Fracked-up drinking water can catch fire, Gasland shows
Tonight, HBO airs the Sundance special jury prize-winning documentary Gasland, which looks at the impact of natural gas drilling, which can pretty much be summed up in the image of a man lighting his tap water on fire.
Director Josh Fox examined the impact and effects of hydraulic fracturing—fracking—after being offered $100,000 to let his property be drilled, and HBO describes the film as “a 24-state investigation of the environmental effects of hydraulic fracturing” including “chronically ill residents with similar symptoms in drilling areas across the country; and huge pools of toxic waste that kill livestock and vegetation.”
The process of drilling, which involves using a combination of 596 chemicals and water into rock deep underground, was exempted from having to conform to the Clean Air Act and the Clean Water Act thanks to Congress and the Bush and Cheney administration’s 2005 Energy Policy Act. Now, HBO says, director “Fox estimates that 40 trillion gallons of chemically infused water have been created by the drilling, much of it left seeping into the ground across the country.”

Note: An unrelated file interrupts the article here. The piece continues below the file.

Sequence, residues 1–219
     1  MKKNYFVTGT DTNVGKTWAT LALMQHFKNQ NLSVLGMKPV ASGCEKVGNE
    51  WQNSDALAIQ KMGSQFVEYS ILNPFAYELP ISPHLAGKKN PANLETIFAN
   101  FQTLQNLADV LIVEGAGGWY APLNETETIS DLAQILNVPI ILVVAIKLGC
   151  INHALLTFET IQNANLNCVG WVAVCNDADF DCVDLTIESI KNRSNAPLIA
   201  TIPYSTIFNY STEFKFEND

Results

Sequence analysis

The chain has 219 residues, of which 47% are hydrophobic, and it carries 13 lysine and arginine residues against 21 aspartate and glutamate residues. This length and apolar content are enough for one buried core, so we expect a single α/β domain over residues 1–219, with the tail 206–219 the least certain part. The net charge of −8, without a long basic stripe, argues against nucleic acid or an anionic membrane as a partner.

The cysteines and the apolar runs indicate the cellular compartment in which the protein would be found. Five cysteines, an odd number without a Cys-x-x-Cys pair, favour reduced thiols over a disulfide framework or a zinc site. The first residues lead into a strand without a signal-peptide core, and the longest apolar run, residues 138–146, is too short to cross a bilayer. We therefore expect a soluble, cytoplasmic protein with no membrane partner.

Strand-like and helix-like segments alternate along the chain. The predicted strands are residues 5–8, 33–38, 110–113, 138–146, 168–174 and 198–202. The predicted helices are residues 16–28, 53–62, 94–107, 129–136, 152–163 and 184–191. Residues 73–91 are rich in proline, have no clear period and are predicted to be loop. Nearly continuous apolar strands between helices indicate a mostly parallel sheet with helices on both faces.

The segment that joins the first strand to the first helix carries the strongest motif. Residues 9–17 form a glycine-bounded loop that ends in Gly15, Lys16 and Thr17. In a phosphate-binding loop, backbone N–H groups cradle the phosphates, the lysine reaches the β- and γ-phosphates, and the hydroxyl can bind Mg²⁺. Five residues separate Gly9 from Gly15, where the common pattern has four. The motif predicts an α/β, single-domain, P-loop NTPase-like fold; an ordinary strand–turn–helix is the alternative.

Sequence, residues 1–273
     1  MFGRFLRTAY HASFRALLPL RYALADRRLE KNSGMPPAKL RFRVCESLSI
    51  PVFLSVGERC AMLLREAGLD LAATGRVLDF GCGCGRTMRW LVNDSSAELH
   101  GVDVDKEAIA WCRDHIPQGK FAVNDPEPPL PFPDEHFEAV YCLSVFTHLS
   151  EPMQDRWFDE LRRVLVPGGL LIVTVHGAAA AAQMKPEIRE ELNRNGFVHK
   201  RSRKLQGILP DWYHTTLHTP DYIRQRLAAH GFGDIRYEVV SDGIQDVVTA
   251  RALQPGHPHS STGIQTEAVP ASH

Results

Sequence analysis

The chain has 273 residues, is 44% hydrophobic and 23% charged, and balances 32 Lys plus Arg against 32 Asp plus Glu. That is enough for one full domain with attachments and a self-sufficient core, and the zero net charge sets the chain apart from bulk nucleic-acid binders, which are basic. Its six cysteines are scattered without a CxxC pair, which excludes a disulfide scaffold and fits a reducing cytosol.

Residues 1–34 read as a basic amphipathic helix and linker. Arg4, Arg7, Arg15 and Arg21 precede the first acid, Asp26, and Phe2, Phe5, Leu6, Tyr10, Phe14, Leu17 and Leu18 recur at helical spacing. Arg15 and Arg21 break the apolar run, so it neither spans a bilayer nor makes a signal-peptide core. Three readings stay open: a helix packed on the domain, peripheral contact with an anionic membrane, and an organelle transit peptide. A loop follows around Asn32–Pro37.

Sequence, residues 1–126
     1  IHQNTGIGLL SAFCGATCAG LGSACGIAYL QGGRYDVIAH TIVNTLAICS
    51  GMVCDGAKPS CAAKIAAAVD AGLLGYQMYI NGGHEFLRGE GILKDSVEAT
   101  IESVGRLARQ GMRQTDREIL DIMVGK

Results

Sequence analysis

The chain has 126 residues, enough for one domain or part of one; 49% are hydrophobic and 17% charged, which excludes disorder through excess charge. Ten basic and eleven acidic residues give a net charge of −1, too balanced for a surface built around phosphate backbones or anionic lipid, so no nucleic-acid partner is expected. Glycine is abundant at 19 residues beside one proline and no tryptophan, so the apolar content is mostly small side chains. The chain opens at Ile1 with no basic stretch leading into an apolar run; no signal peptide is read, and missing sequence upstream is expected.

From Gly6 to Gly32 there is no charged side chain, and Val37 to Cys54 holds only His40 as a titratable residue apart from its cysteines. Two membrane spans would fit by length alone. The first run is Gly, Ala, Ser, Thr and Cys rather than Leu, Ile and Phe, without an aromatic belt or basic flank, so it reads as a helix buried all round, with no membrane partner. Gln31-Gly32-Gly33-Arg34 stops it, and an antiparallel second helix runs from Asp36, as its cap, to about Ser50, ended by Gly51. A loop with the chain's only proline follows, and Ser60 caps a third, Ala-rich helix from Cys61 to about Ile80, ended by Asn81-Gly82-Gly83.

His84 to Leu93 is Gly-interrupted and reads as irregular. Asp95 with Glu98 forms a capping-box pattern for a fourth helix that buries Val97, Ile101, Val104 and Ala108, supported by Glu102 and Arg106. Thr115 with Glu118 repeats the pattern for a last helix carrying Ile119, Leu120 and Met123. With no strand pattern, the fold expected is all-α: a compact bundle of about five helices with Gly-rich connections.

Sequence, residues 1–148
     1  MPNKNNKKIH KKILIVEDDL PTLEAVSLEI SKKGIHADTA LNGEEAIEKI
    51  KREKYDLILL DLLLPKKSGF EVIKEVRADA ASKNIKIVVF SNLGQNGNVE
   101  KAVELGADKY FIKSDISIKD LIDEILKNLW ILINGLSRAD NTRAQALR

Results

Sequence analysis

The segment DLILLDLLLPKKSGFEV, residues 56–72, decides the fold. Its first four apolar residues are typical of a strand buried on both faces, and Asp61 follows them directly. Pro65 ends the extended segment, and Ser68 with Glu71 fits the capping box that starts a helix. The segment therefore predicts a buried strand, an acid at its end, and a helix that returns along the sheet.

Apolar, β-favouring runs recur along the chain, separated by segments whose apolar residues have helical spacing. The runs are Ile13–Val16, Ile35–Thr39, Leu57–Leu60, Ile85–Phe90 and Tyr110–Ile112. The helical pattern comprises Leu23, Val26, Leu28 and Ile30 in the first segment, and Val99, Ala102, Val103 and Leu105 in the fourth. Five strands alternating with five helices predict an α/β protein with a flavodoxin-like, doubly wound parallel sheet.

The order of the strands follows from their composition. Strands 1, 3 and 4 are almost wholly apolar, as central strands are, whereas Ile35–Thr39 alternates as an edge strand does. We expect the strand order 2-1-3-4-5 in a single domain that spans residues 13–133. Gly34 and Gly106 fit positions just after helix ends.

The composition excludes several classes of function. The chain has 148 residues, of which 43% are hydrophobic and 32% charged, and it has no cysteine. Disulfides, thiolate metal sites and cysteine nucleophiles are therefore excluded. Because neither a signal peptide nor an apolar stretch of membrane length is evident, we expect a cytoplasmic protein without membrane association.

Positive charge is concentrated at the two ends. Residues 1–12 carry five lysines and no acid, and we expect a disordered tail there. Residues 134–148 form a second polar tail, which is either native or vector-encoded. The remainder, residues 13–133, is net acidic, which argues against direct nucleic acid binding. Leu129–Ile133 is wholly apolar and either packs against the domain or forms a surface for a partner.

Update: A few minutes after a link to this post appeared on Twitter, the natural gas industry responded to it with a Twitter post that said “That’s actually biogenic (naturally occurring) methane you’re seeing” in the tap water, and linked to a Debunking Gasland. Judge for yourself what that means.
Watch the trailer, and the full film tonight at 9 p.m. ET: